#BlackLivesMatter

Samantha Lucy

Grad school application fees are a barrier to accessible education

When looking for solutions to the cost of post-secondary education, one problem is largely ignored: application fees. What are scholarships, government grants or lower tuition good for if those students that need it most can’t even join the race?

Application fees can be a strong deterring factor for applicants to graduate or professional school.  And there aren’t a whole lot of ways to get around them. This creates a barrier to accessible education.

Most professional schools require standardized tests like the LSAT, GRE or the MCAT. The cost of registering for these exams ranges from $180 to over $300. Most people take these exams more than once.

Unless you are one of those people that woke up one day and decided to write a standardized test and scored in the 99th percentile — in which case, please stop reading and return to your home planet — you will also probably spend hundreds, even thousands of dollars on prep courses, practice exams or books. 

Only after you write your test does the application process really begin. Graduate and professional schools have similar application fees of around $125 or more in Canada, with varying rates in the United States. To little surprise, higher ranked schools come with a higher application price. If you know that you have the numbers for a lower ranked school and maybe a shot for higher ranked ones, how many chances can you afford to take? It isn’t possible to “blanket” apply the top schools.

It’s a simple fact that the more schools you apply to, the statistically higher your chances are of being accepted into one. Most students settle for applying for their safety school while taking a chance on a few “reach” schools. It feels like a waste of money applying to four or five schools — each with at least a $125 application — that you might only have a shot at for being admitted to.

And while there are the standards requirements, no one knows what goes on in admission committees. Maybe someone will like your Letter of Intent, relate to your story or just like the sound of your name. There is no way to know which schools you can get into unless you try and that is directly tied to how much you can afford to pay.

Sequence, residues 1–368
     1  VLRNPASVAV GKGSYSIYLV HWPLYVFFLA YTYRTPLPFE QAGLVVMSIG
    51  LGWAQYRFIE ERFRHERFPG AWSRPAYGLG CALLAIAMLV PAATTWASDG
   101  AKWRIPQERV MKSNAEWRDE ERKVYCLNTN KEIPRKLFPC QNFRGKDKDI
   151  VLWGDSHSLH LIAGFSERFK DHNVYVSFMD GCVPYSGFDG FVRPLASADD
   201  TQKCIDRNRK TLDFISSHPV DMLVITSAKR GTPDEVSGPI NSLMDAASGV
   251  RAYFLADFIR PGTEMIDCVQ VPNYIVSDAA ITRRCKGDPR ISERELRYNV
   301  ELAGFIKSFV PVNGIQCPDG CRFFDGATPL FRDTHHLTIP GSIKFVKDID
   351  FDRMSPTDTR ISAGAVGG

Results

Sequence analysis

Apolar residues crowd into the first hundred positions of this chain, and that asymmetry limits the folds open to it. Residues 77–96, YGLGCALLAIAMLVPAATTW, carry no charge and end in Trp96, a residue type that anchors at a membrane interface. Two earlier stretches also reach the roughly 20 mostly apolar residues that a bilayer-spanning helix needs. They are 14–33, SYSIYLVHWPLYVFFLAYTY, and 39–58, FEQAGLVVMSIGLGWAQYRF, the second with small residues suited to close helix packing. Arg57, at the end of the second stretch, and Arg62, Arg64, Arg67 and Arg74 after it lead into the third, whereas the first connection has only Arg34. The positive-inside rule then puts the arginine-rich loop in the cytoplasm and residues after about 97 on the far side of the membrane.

There are no scholarships or grants to pay for these application fees. Unless you have parents who are able and willing to pay — or if you’ve saved up enough over the summer — you’re out of luck.

Of course, there are fee waivers, but even they are a hurdle of their own. School websites strongly ask that only those “with a serious need” apply. But what constitutes  “serioues need” is undefined.

Some schools even explicitly indicate that an application fee is a small fraction of professional education and if you have to ask for a fee waiver you should seriously consider your options and apply at a different time.

The overall quality of post-secondary education in Canada is not dramatically different from one institution to another, but which graduate or professional school you attend is arguably the most important factor in where you end up working or how much you end up making in your chosen field.

It’s unfair to ask hopeful applicants to spend unjustifiable amounts of money on graduate and professional school applications. Unlike tuition or other costs associated with post-secondary, these fees are not regulated. And they are a systemic barrier to accessing education, making it more difficult for students without the financial ability to have the same chance as those who are able to spend money on application fees more easily.

It’s a shame that such an explicit barrier to education still exists and is simply accepted by us as part of the process.

We’re often told that if we go to school and work hard, we can achieve anything that we want. But that’s not true when barriers like application fees actively prevent some students from even trying.

Tina Shaygan, Gauntlet Editorial Board


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